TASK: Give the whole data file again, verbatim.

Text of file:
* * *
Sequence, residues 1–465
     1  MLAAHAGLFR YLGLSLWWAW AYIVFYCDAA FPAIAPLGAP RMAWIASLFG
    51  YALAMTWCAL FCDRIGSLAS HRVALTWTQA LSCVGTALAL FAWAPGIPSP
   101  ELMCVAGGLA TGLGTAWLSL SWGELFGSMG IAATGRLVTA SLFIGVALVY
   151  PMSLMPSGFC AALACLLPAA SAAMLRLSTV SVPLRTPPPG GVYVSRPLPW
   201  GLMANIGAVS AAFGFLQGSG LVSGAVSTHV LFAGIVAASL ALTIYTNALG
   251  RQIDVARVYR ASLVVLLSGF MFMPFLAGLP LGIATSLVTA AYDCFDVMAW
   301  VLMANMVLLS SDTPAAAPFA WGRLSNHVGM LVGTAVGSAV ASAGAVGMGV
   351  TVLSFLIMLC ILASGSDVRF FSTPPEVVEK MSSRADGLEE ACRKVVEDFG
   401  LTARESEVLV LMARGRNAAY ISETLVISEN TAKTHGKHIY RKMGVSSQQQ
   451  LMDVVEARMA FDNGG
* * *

Sequence, residues 1–465
     1  MLAAHAGLFR YLGLSLWWAW AYIVFYCDAA FPAIAPLGAP RMAWIASLFG
    51  YALAMTWCAL FCDRIGSLAS HRVALTWTQA LSCVGTALAL FAWAPGIPSP
   101  ELMCVAGGLA TGLGTAWLSL SWGELFGSMG IAATGRLVTA SLFIGVALVY
   151  PMSLMPSGFC AALACLLPAA SAAMLRLSTV SVPLRTPPPG GVYVSRPLPW
   201  GLMANIGAVS AAFGFLQGSG LVSGAVSTHV LFAGIVAASL ALTIYTNALG
   251  RQIDVARVYR ASLVVLLSGF MFMPFLAGLP LGIATSLVTA AYDCFDVMAW
   301  VLMANMVLLS SDTPAAAPFA WGRLSNHVGM LVGTAVGSAV ASAGAVGMGV
   351  TVLSFLIMLC ILASGSDVRF FSTPPEVVEK MSSRADGLEE ACRKVVEDFG
   401  LTARESEVLV LMARGRNAAY ISETLVISEN TAKTHGKHIY RKMGVSSQQQ
   451  LMDVVEARMA FDNGG